Two decades on from the historic referendum in Southeast Asia - which saw at least 1,400 people lose their lives and Australia forced to step in - SBS News meets an activist, a diplomat and a journalist who witnessed the crisis unfold.
The activist: Abel Guterres was in danger, fighting for independence
It’s the smoke Abel Guterres still vividly remembers. He was a 44-year-old Timorese exile and independence activist who’d just been fired at by militia forces on a tense drive to Dili, the capital of Timor-Leste.
He’d driven to the top of a hill overlooking the city. No one was answering his calls and he'd soon know why; the city was up in flames.
It was 31 August 1999, and a historic referendum on independence had taken place a day earlier. Queues had formed from the early hours of the morning, with East Timorese people eager to cast their vote in the United Nations-supervised exercise. They were choosing between autonomy within Indonesia or independence.
On the day of the vote, Mr Guterres - who is now Timor-Leste’s ambassador to Australia, based in Canberra - recalls striking up a conversation with some young people in line. They told him while they were apprehensive about the violence and intimidation in the lead up to the vote, they were acting on behalf of relatives who had been killed.
The mentality, Mr Guterres told SBS News, was "if they shoot us, so be it".
For hundreds of years, Timor-Leste had been occupied by the Portuguese, and in 1975, Indonesia invaded, sparking a 24-year-long independence struggle. It is estimated more than 200,000 people - a quarter of the population - were killed by fighting, famine or disease.
The mentality was, 'if they shoot us, so be it.'
- Abel Guterres
The referendum showed a resounding 78.5 per cent of people were in favour of independence. But pro-Indonesia paramilitary groups had already begun attacking pro-independence civilians and setting fire to buildings. At least 1,400 people are thought to have been killed.
The events prompted neighbouring Australia to intervene with the deployment of a UN-authorised force known as INTERFET (International Force East Timor), consisting mainly of Australian Defence Force personnel, to establish and maintain peace.
Mr Guterres' connection with Australia was by chance. He grew up “poor but happy” in a rural mountain village in Timor-Leste and would later be teaching in the city of Baucau in 1975 when, out of curiosity, he and a friend decided to board an Australian military transport plane to Darwin.
They intended to check out the city and return two weeks later, but a fortnight turned into 24 years after Indonesia invaded Timor in the December.
A vacuum left by the sudden departure of the Portuguese saw civil war erupt between those who favoured integration with Indonesia and those who longed for independence.
Mr Guterres found himself in Melbourne in the late '70s working as a tram and bus driver, not knowing what had happened to his family.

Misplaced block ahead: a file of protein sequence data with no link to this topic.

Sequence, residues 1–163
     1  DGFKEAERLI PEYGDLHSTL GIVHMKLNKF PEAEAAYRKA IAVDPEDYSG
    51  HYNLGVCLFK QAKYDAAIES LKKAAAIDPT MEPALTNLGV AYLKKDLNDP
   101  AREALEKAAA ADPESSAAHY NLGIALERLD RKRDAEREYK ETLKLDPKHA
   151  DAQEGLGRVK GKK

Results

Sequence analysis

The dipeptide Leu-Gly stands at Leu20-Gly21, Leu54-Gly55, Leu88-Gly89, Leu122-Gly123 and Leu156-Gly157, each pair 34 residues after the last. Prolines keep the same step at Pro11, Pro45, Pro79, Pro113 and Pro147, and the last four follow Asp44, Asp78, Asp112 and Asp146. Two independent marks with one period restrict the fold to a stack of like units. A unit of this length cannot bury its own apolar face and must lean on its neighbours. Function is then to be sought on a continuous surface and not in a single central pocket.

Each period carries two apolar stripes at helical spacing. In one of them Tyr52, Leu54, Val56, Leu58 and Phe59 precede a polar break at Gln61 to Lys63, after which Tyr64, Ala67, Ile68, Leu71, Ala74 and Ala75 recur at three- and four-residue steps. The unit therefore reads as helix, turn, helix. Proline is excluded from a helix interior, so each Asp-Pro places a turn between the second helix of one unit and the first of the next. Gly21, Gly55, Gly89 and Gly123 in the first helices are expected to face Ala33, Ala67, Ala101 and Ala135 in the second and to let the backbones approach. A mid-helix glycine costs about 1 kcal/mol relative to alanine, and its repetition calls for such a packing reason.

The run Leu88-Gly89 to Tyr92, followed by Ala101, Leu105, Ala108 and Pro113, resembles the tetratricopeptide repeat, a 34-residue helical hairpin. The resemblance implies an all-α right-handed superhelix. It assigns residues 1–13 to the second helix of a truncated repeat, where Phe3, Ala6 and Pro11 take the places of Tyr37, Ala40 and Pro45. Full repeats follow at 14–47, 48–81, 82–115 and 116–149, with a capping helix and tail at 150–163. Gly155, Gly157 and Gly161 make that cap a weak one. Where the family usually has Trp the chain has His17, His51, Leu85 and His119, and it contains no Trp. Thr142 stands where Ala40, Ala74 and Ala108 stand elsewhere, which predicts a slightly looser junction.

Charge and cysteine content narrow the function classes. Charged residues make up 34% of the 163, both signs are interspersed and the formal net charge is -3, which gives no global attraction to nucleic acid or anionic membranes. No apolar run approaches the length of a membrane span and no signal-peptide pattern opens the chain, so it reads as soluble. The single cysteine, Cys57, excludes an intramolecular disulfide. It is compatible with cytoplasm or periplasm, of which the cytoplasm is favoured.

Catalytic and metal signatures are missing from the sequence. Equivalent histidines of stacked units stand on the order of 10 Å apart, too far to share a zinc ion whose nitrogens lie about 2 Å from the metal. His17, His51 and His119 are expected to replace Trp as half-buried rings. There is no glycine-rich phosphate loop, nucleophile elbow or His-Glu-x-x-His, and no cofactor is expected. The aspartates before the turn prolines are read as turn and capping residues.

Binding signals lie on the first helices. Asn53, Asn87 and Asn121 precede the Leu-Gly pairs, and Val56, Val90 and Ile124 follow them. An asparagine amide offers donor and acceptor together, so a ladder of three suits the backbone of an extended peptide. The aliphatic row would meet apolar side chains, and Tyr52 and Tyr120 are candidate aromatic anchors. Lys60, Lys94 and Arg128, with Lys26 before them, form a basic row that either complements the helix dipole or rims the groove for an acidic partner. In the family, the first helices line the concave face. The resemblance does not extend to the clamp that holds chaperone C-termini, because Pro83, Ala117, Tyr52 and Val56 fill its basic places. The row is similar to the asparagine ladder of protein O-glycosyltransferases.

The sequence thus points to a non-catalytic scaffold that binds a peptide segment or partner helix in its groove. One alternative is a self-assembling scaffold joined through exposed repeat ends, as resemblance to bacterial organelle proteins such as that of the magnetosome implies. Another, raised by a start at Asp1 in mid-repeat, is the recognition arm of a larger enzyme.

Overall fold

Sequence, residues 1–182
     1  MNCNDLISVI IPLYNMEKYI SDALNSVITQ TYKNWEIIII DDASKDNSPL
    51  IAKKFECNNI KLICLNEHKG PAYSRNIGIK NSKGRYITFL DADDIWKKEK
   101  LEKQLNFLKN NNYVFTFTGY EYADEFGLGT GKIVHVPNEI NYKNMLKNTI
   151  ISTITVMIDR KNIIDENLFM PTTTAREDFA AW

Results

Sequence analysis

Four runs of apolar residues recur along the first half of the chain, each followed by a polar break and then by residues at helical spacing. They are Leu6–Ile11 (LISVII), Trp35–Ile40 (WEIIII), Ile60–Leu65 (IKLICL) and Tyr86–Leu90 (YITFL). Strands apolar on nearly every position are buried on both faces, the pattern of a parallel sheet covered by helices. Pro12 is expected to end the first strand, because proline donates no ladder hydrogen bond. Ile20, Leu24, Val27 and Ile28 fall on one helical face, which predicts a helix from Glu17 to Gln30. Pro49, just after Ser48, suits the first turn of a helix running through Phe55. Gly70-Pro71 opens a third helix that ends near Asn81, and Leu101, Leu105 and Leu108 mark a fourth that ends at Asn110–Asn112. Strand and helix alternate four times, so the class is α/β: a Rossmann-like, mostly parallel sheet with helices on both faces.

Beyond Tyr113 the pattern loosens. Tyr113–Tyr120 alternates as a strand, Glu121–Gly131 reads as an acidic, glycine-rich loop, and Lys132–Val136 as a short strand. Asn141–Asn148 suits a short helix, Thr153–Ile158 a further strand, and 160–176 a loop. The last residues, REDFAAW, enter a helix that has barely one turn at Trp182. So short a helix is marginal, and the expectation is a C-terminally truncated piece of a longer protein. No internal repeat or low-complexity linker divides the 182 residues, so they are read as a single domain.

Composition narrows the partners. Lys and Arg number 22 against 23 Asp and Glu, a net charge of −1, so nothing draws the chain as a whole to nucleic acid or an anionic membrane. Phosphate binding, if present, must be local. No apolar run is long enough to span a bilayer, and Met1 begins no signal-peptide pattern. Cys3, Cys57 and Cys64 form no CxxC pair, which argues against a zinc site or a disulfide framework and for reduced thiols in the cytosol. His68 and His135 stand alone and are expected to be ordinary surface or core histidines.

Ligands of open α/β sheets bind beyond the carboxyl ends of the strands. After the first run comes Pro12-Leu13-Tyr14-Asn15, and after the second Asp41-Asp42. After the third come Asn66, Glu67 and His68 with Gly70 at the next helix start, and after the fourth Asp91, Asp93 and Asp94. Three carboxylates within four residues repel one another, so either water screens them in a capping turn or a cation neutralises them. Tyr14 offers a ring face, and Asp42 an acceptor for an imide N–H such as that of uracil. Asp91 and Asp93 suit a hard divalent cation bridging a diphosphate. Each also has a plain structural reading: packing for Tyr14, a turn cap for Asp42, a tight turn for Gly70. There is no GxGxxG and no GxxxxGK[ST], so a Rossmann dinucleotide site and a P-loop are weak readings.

“Those days I spoke very little English, but you get by. I was 19 at the time and learning a language was no problem,” he said.
In 1980, the 24-year-old was told Indonesian forces had killed 13 of his siblings and his father. The tragedy motivated Mr Guterres to continue campaigning for independence for Timor-Leste and he eventually became a spokesman for resistance movement Fretilin (the Revolutionary Front for an Independent East Timor).
Blacklisted by Indonesian authorities, Mr Guterres' return to Dili in 1999 saw him use a fake name to enter the country. Despite the risks, he was determined to cast his vote. The worst-case scenario, he had decided, was that he’d be buried in his village and at least he’d be home.
“You’re waiting 24 years for this to happen, it’s like somebody lost in the desert and thirsting for water; you give everything,” Mr Guterres said.
The diplomat: Ambassador John McCarthy was trying to evacuate foreigners
In the lead up to the 1999 vote, pro-Indonesia militia waged a violent campaign against citizens in Timor-Leste which saw massacres in Dili and Liquica.
Australia’s ambassador to Indonesia at the time was John McCarthy.
The violent incidents, he said, made it clear the referendum process “wasn’t going to be a smooth one.”
Mr McCarthy was in Dili on the day of the referendum and remembers a mood of “pretty serious concern” taking hold amid fears of repercussions.
“I got very nervous when I heard that an Indonesian plane was being sent down to take out Indonesian journalists,” he said, fearing if they were being told to leave, the situation must be dangerous.
“It said to me, ‘what do they know that I don’t?'”
I got very nervous ... It said to me, ‘what do they know that I don’t?'
- John McCarthy
His concerns were justified, with Mr McCarthy describing “absolutely chaotic” scenes playing out before him.
“There was violence all over Dili and within a couple of days there was violence all over the country, coming principally from pro-integration militias to some degree supported by military,” he said.
The now-retired Canberra-based diplomat has travelled across the world but regards the four years he spent in Jakarta from 1997 to 2000 as among the most memorable of his career.